Winter brings about the most active period of weather here in the northeast, but it’s also a good time to look back at the most recent season of hurricanes and tornadoes.
Hurricane season ended November 30th and while the eastern Pacific was very active, the Atlantic season was again relatively quiet.
Tornadoes are most frequent in the spring and early summer with a smaller peak in the fall. The end of December isn’t usually very active for tornadoes since most of the country is typically in cool conditions and daylight is at a seasonal minimum.
A Quiet Season
Hurricanes are nature’s way of moving the excess heat that builds up in the tropics to points north. They need the right atmospheric conditions to form and if there are missing pieces , the season ends up quieter than average. According to Gerry Bell, Ph.D., the lead forecaster at the Climate Prediction Center, “A combination of atmospheric conditions acted to suppress the Atlantic hurricane season, including very strong vertical wind shear, combined with increased atmospheric stability, stronger sinking motion and drier air across the tropical Atlantic. “Also, the West African monsoon was near- to below average, making it more difficult for African easterly waves to develop.”
We tend to focus on hurricanes in the Atlantic because Pacific hurricanes don’t hit the big cities of the west coast. Moisture from Pacific storms can help with drought conditions as was the case when rains associate with hurricanes Odile and Simon pushed into parts of the southwestern U.S which has been exceedingly dry for several years.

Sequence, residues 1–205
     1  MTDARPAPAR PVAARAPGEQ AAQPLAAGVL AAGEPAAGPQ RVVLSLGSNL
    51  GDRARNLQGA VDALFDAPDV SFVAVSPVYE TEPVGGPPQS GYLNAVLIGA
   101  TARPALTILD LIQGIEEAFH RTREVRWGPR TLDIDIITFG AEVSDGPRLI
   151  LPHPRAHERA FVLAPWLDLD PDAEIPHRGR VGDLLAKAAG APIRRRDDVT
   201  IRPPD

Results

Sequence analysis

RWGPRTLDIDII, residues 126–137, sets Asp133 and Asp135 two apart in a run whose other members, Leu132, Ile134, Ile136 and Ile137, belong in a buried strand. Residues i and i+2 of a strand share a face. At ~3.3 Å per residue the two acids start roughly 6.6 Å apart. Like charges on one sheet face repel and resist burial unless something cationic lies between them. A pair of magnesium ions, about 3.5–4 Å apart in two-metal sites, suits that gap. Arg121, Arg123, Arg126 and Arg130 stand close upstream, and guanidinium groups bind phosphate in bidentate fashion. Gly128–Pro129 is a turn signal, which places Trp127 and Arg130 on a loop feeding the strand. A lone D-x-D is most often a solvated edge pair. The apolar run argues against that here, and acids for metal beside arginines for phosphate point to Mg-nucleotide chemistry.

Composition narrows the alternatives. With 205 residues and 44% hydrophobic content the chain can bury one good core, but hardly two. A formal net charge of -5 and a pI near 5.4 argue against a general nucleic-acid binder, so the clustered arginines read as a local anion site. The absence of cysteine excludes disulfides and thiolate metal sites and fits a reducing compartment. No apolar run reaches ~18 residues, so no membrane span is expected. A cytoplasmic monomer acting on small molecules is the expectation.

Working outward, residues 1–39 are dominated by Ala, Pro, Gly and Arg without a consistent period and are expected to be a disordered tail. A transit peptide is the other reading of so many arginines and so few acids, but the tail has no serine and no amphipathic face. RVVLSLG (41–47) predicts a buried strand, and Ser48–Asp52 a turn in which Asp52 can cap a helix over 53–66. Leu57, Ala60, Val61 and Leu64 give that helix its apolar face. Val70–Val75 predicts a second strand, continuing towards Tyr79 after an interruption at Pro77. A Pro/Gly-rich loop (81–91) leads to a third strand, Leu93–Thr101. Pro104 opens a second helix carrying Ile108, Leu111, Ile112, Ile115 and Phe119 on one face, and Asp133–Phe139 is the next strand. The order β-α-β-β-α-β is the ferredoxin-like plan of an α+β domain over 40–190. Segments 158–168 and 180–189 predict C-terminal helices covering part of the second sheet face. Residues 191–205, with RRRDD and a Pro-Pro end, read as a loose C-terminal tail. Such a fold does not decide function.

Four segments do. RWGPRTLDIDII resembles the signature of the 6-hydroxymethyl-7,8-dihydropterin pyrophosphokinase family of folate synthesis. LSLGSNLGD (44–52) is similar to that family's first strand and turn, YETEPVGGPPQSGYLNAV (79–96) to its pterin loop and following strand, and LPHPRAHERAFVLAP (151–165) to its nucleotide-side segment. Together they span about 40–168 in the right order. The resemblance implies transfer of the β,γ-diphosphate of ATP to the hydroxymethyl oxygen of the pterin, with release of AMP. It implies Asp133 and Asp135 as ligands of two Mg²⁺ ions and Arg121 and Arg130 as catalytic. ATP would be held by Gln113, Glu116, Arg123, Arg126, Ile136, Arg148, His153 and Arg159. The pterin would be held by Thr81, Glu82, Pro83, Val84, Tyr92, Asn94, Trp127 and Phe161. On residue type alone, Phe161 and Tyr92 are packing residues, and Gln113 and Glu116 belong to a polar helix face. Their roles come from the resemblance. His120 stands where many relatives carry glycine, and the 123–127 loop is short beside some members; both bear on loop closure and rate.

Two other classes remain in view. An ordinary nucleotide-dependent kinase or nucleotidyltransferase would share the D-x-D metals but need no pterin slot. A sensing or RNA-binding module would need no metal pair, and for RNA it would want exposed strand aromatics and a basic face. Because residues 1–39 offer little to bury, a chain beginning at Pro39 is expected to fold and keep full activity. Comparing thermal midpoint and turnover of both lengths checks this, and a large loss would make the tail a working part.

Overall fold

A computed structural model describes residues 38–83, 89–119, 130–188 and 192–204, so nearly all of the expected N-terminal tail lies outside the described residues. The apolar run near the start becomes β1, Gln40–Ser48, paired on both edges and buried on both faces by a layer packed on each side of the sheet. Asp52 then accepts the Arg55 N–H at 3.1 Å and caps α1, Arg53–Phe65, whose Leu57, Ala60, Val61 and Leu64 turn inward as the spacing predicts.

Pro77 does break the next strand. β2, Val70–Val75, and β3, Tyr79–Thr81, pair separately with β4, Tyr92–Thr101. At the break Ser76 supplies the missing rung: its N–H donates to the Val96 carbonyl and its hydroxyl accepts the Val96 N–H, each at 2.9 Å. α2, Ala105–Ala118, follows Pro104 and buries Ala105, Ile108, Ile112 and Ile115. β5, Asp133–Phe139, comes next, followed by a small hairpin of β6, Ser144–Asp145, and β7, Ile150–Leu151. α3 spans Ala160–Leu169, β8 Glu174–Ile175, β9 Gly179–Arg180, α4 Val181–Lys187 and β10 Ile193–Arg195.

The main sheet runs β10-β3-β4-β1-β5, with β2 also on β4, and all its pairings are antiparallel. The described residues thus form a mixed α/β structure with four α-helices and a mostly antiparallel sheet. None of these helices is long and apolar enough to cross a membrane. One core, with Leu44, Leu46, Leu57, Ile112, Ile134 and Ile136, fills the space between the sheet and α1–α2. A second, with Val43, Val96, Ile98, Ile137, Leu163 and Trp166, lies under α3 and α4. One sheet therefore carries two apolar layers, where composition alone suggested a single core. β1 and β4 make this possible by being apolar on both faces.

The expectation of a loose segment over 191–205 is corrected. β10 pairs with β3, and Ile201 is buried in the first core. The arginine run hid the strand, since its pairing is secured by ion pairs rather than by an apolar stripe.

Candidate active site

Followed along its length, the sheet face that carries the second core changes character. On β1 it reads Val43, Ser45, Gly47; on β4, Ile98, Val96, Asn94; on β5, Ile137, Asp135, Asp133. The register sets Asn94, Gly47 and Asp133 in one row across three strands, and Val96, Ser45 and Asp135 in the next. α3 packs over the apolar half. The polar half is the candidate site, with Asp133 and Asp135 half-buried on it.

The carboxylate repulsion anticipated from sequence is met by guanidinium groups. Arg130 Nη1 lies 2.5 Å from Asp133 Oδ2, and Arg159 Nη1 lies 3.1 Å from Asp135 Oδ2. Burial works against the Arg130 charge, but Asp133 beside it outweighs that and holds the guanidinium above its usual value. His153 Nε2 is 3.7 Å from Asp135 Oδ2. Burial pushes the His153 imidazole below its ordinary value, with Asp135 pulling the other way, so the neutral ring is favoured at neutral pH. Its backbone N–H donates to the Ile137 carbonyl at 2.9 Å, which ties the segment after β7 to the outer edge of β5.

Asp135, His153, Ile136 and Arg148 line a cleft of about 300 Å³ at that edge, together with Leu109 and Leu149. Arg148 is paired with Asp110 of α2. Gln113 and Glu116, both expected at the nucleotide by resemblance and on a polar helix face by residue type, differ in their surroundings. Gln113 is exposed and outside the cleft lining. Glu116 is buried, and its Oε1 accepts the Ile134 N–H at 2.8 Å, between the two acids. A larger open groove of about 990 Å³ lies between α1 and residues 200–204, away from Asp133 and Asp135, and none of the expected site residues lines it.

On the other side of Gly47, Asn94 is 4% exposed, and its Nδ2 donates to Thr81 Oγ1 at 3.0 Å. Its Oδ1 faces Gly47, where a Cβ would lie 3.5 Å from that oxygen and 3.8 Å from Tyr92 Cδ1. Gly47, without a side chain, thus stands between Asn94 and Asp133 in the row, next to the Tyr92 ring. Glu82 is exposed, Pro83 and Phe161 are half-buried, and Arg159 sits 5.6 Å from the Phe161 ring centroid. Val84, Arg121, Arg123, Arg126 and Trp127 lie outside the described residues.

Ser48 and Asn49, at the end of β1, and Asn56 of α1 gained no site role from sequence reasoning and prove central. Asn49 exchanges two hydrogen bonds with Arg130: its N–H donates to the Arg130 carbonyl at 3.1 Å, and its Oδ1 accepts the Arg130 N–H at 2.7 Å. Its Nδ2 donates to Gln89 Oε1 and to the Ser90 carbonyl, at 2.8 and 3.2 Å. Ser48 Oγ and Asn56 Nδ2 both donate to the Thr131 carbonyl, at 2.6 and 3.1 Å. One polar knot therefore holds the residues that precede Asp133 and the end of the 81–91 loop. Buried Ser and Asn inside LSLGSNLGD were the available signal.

One storm which received a lot of press was r Hurricane Iselle which reached major hurricane status, (category 3 or higher) and impacted the Big Island of Hawaii in early August, but only as a tropical storm This was the first tropical storm to hit the big island since 1992.
The ACE index measures the wind energy of a tropical cyclone and is calculated by NOAA every six hours. According to Dr. Ryan Maue’s chart below from WeatherBell Analytics, this year’s overall ACE is running 92% of average for the entire globe. You can see the ACE of the individual regions as well.
No Major Hits
In spite of all the hoopla every time a tropical system develops we continue to enjoy the longest period on record with a major hurricane hitting the United States mainland. While some of this is certainly just plain old luck, the last major hurricane to strike the US was hurricane Wilma, which made landfall on Oct. 24, 2005.
Tornadoes Also Fewer
The chart below through December 10th tells the story of this year’s tornado season.
The back line represents the number of tornadoes reported this year as compared to other years. If you look at just the raw numbers it seems like this year is not only going to be one of the lowest ever, but perhaps even THE lowest ever. However, records from past decades are likely too low because of the lack of reporting and there is some double counting might inflate other numbers.
Even without 100% accurate data, the trend is clear, 2014 is now the third year of lower than average tornadoes in the United States. Looking back to 1953, this year, 2014, stands out as a very low year for these types of storms.
The chart below shows the 30 year average of how many tornadoes hit each state.
You might wonder if the low incidence of tornadoes and hurricanes is related. While the atmospheric conditions are different needed for each of these types of storms to form, there may in fact be some underlying connection among all of the various oscillations and teleconnections that exist, even if meteorologists and climatologist aren’t yet aware of them.